It is the sound of “Cathy’s Clown” that is so gripping. Like “I Walk the Line” and “Heartbreak Hotel,” it features voices that are instantly recognizable, and an overall sonic profile that puts the record in a class by itself. The plate reverberator was a new sound in 1960 and the entire track is drenched in it, thick as the hot, humid Kentucky summer. The song opens with bass, drums, electric guitar and piano. The kick drum, bass and piano come in on the downbeat, playing a I–V root motion that sounds vaguely Celtic; the bass (Floyd Chance) slides into the I at the top of the second measure contributing the drone-like qualities of a bagpipe. The snare drum (Buddy Harman) plays a standard rock backbeat on the second beat of the measure, and then rolls into the backbeat in a kind of march cadence for the fourth beat, propelling the song inevitably forward. The guitars play crisp, punctuated I and V chords on beats two and four, emphasizing the backbeat while drenched in thick, liquid reverb.
At six seconds, the band stops completely after the downbeat of measure 4. Then, on the second beat of the fourth measure, Phil and Don enter, singing in unison “Don’t want your love.” The word “love” starts on the downbeat of measure 5 and then something miraculous happens. They stretch the word “love” out for six beats, and beginning on the third of those beats, Don diverges from the unison, putting a harmony underneath brother Phil’s high, single held note. This splitting and spreading of the melody into two parts gives the vocals on this song its distinctive sound.
It’s not just a musically pleasing maneuver, it’s textually brilliant. As the unity of the relationship starts to fall apart and the couple separates, the word “love” splits and descends harmonically into two distinct parts, settling on their famous open thirds harmony for the lyrics “any more.” They repeat this for the second line of the verse, “Don’t want your kisses, that’s for sure.” On the next line, “I die each time,” they introduce a four note guitar arpeggio call, followed by a four note guitar arpeggio response on “I hear this sound.” The final line’s hook, “Here he co-o-o-o-o-omes, that’s Cathy’s clown,” follows that beautifully separating-and-descending vocal line, with each of the brothers adding a vocal scoop as they elongate the word “comes,” underlining the narrator’s long walk of embarrassment and shame.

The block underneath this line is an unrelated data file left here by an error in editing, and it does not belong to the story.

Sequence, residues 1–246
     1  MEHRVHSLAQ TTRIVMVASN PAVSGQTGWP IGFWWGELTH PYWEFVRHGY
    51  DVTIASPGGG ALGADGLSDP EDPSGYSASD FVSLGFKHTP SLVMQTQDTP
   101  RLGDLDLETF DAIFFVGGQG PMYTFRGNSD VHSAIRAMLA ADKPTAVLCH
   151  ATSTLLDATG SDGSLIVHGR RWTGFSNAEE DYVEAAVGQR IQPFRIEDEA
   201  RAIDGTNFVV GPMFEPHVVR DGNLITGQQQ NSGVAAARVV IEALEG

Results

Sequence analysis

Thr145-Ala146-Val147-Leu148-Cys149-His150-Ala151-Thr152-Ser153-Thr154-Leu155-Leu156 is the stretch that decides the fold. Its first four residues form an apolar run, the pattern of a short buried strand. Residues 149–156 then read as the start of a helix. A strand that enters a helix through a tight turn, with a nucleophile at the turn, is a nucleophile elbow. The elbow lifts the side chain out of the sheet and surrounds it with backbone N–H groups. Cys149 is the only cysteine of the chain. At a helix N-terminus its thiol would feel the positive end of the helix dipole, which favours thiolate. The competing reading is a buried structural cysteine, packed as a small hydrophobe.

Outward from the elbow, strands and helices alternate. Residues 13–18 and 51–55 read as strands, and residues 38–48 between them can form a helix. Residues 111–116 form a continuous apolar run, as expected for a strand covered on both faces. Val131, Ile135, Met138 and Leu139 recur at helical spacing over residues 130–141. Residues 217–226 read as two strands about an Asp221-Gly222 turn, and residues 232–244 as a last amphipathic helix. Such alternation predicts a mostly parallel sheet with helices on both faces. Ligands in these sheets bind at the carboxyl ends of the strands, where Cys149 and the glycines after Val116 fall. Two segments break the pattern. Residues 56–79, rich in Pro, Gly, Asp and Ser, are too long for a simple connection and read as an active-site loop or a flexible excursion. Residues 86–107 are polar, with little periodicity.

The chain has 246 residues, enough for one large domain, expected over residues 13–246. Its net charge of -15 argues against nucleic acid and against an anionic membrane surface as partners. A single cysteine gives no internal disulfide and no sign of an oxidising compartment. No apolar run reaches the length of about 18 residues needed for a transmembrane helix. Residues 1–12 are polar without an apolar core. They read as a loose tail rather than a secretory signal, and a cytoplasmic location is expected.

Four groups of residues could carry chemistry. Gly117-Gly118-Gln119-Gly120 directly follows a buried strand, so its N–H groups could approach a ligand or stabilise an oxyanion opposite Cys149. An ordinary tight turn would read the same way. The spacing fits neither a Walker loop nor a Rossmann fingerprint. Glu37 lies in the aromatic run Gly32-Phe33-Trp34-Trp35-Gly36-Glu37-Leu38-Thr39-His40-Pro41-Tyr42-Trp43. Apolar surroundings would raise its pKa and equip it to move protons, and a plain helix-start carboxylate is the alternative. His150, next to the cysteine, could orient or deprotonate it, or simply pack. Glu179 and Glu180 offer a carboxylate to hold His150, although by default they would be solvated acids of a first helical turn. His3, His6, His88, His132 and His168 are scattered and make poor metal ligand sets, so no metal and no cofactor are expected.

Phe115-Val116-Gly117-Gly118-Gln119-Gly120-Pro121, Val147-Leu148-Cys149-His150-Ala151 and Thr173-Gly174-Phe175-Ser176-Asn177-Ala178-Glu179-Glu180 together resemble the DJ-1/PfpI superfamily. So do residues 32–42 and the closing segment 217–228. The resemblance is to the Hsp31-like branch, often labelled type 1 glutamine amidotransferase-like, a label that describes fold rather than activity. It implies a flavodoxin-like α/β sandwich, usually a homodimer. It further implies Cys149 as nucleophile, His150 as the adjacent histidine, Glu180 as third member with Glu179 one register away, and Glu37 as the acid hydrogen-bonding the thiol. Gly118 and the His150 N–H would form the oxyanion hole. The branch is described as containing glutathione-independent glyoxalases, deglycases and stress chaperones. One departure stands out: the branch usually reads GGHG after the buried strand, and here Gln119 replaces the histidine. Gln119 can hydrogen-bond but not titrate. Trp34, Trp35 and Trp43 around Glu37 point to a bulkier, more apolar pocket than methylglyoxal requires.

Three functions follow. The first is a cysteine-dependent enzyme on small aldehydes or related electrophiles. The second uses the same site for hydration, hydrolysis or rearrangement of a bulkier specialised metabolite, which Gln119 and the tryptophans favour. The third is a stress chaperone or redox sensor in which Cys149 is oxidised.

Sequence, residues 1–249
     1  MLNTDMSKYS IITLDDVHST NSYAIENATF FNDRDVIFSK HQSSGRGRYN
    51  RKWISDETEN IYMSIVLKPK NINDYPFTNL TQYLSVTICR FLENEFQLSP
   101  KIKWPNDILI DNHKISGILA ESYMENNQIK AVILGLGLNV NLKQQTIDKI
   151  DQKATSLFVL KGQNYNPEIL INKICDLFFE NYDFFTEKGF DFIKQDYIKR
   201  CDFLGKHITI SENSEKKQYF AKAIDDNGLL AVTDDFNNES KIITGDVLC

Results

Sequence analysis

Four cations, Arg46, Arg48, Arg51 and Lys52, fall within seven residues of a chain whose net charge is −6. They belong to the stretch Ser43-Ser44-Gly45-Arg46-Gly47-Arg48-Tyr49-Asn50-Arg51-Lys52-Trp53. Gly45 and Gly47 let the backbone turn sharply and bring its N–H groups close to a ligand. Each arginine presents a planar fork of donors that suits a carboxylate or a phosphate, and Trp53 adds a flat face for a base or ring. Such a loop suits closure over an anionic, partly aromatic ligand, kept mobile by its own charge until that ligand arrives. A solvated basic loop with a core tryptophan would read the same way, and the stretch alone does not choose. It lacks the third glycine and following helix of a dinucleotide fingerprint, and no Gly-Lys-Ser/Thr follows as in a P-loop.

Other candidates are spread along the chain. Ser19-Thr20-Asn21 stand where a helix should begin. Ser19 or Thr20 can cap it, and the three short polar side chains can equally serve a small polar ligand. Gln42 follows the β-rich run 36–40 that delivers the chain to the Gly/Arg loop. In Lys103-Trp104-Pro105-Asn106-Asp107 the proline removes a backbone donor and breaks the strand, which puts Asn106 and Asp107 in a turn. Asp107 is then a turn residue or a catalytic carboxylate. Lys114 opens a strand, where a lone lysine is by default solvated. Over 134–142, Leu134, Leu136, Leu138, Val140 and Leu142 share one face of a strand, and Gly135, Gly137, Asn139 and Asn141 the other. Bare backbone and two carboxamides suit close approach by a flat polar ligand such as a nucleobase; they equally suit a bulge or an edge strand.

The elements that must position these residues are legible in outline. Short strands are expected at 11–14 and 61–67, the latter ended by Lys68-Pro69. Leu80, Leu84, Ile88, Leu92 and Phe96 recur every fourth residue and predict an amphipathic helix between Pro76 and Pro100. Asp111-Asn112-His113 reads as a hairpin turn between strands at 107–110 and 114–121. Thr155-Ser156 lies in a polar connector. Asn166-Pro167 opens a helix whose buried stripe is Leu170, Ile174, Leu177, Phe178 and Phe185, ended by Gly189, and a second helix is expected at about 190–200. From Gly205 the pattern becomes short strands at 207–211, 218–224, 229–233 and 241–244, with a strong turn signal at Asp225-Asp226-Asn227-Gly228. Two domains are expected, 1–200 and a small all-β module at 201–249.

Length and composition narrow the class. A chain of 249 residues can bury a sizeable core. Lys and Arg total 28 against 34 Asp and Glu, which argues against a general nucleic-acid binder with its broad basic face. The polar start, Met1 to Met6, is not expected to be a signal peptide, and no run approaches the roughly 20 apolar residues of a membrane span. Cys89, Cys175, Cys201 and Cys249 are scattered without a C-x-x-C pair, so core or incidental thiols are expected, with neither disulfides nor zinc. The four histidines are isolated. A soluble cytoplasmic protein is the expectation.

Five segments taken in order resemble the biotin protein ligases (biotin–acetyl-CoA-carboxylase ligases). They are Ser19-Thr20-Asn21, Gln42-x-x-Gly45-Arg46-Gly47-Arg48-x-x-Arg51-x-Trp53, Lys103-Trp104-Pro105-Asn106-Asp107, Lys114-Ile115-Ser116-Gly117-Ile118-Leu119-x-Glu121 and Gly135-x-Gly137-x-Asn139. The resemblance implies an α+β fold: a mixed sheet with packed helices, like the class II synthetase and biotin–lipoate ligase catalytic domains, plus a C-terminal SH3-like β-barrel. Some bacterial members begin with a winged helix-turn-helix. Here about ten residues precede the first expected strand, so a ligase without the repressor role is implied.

In the verse, the drummer switches to the ride cymbal and pianist Floyd Cramer (it was he who played those noodly fills and shuffle rhythm on “Heartbreak Hotel”) appears, playing a part slightly reminiscent of the one he played on “(Til) I Kissed You” a year earlier–slightly behind the beat, giving it a relaxed, laid-back feel.
That distinctive drum sound in the verse was created by engineer Bill Porter (who also engineered Roy Orbison’s “Only the Lonely”). He says:
“If you listen closely, the drums sound like two drummers playing. I had gotten a tape loop from RCA New York that ran 60 ips, and there were four different playback heads which you could switch in and out and then move them around the tape path. So I heard this rhythm pattern and I thought, ‘God, this would be great for this song,’ so I asked [producer] Wesley Rose if I could use the tape loop on the drums. He said, ‘I don’t care.’ So I hooked it up, fed it back into the console and got the balance, and then I switched it off on the verse and on during the bridge. I just did it manually with a switch. It’s right in tempo and right in sync, so it gave the effect of two totally different drum sounds. That became the biggest record they ever had.”
Daniel J. Levitin, Ph.D., is the James McGill Professor of Psychology and Behavioral Neuroscience at McGill University and is dean of the College of Arts and Humanities at the Minerva Schools at KGI. His is the author of the books “This Is Your Brain On Music,” “The World in Six Songs,” and “The Organized Mind.”
*The views expressed in this essay are those of the author and do not necessarily represent the views of the Library of Congress.